As a general principle, there’s nothing wrong with a lot of “buttons.” A menu is basically a whole lot of buttons with different graphic design. So is a bank of links or tabs. They all do the same things –navigate or do some other command on the content. As long as your “buttons” are well labeled, organized, and distinguishable from each other, you can have 100s on the same page (if you include pulldown menus as just “temporarily hidden buttons”).
I think the issue you’re intuiting in your design is a problem in the “distinguishable” part. For the sake of speedy one-click action (a laudable goal), you’re giving your users multiple options with subtle shades of distinction, and that’s where it can get confusing. The solution is to break down your functionality into more discrete non-overlapping functions while still minimizing clicks. In some cases, it means prioritizing your functions, where rare scenarios may need a two or more clicks.
For example, when would a user want to click Previous vs. Save and Previous? If there were no changes, they are effectively the same (if saving takes a long time, then give the app the intelligence to only save if there were changes to the group). So the only time to click Previous versus Save and Previous is when the user wants to discard changes to the group.
That’s a bit problematic, because there is nothing about “Previous” that says “Discard Changes.” If fact, some users may assume changes are not discarded by merely navigating –they may expect that only closing the window without saving would discard changes.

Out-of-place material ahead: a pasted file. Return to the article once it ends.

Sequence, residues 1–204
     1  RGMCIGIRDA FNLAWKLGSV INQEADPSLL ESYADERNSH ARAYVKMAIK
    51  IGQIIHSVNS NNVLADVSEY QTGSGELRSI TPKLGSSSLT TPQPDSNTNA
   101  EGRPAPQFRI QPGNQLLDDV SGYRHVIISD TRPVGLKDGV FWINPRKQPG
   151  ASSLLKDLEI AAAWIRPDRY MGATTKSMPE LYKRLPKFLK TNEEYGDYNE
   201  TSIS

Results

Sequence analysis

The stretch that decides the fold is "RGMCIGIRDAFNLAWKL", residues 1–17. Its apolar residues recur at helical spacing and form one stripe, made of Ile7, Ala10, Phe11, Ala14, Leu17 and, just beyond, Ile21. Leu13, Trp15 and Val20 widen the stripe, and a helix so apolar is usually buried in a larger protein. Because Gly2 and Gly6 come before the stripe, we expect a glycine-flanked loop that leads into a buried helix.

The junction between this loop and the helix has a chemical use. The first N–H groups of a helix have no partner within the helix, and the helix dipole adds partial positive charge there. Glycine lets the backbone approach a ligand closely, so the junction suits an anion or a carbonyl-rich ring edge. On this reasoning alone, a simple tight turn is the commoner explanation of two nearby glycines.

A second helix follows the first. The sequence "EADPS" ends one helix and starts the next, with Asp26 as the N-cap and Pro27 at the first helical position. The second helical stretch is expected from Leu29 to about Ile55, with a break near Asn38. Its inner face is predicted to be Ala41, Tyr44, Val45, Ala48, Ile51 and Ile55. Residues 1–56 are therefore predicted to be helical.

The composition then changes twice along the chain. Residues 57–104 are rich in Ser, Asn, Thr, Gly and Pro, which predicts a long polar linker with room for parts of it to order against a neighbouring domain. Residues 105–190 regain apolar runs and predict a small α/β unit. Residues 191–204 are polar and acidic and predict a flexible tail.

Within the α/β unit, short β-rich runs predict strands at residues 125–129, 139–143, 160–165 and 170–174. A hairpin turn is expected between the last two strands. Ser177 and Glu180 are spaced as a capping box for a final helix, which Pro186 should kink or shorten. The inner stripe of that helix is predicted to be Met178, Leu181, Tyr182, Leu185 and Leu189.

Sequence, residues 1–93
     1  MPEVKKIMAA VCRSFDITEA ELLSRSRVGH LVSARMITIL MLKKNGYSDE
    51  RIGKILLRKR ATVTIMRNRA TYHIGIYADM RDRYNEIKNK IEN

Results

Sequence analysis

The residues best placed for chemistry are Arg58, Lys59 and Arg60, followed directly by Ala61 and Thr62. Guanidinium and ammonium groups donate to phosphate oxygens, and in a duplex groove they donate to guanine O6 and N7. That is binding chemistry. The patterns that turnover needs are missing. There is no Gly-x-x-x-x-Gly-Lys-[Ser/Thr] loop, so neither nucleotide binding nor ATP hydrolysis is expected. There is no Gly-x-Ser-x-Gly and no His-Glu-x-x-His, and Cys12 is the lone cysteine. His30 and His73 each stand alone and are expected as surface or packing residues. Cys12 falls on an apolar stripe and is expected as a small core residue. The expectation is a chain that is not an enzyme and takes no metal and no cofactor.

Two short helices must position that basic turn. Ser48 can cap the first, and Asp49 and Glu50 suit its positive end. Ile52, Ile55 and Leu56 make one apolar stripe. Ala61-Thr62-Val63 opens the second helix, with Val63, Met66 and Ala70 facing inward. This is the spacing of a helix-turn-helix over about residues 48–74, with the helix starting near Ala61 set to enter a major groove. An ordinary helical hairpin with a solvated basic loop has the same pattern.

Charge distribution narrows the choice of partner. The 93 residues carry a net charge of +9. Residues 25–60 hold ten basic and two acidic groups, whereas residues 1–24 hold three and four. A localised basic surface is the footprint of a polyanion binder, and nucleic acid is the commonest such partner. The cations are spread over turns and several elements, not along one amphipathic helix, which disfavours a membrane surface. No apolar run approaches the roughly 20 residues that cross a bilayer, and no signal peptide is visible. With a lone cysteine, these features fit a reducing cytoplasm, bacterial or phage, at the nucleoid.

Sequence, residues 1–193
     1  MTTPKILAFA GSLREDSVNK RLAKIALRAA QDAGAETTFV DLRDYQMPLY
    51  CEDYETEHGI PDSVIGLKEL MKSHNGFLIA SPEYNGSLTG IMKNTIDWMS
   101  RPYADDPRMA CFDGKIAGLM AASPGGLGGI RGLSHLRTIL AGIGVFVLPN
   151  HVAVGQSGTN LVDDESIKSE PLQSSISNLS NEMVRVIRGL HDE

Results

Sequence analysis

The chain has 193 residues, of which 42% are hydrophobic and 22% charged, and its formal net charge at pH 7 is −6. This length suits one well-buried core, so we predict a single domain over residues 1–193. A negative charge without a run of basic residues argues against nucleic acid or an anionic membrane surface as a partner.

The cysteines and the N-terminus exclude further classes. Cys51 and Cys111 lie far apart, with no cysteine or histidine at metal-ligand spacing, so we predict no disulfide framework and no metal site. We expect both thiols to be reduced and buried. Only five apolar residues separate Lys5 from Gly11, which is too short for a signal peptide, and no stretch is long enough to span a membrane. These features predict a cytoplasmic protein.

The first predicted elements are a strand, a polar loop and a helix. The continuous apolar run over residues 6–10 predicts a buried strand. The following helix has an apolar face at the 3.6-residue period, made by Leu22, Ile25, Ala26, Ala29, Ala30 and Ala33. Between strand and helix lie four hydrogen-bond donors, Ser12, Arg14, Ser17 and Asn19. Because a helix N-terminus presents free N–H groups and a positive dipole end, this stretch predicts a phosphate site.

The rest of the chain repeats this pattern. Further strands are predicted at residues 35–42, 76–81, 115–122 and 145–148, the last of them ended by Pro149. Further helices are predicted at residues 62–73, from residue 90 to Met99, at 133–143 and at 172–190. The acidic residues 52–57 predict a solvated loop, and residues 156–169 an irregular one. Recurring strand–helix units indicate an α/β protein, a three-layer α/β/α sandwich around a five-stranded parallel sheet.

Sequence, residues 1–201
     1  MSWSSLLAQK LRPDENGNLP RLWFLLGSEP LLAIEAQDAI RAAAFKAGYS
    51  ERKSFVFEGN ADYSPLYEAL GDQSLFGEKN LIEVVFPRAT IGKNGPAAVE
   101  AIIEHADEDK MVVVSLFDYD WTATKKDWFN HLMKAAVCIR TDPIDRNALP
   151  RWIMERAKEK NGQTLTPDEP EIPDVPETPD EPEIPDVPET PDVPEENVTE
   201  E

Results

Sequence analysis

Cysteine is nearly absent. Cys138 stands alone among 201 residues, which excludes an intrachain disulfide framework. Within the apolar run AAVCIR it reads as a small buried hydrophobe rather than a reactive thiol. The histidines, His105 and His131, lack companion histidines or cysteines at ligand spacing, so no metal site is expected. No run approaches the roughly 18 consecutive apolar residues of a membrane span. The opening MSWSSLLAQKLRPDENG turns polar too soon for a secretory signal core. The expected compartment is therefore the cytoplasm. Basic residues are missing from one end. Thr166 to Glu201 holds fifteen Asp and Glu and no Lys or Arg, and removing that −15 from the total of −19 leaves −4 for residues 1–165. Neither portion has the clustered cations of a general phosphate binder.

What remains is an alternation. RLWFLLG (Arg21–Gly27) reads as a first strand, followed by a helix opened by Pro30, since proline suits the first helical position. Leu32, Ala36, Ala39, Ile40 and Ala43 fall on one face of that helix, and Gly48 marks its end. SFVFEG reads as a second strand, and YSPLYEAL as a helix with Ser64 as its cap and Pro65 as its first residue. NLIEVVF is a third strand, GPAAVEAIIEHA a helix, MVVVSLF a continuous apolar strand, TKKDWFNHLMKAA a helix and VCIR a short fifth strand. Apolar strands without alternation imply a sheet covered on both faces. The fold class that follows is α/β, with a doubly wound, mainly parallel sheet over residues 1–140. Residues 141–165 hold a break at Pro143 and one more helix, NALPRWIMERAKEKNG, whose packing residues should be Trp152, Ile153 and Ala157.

It’s also a rarely needed function. Users usually don’t make mistakes. Furthermore, in this case, if they do, it’s relatively easy to remedy. If they click a check box and change their minds, they just click it back. Presumably there is a Delete button for every new category created, so that also has one-click undo. So the only time the users need Previous is when they really louse things up and can’t remember how to set it right. That’s really an edge case. So it’s okay if it takes more than a click to discard changes and move to the next or previous group.
You could have this, where save is implicit:
Exit, Previous and Next all save. If usability testing suggest users hesitate because they think Exit doesn't save, then consider labeling Exit as "OK" or maybe "Submit," which imply saving and leaving the app/page. Only label it "Save and Previous/Next" if testing shows users are afraid of losing work. My policy is add clutter only when testing shows it's necessary.
The Reset button reverts the group to what it was when the users arrived at the group in case they irreparably mess things up. However, given how rarely they’ll actually need this button, consider omitting it. It’s a land mine that can throw away the user’s work with one false click. Or better, make it an Undo button that reverts changes to the group one click at a time. Yes, it could be many clicks to fix a big screw up, but that’s exceedingly rare.
Next consider your Previous and Next buttons themselves. What advantage do they have over the users clicking the group label themselves (represented as links or tabs), as maxathousand suggests in a comment? That gives the user one-click access to any group, not just the previous and next one. The only advantage to also including Previous and Next is if users often page quickly through all groups in sequence to check them. Then Next (and maybe Previous) allows them to do so without moving the mouse. If that isn’t a common task, delete those buttons: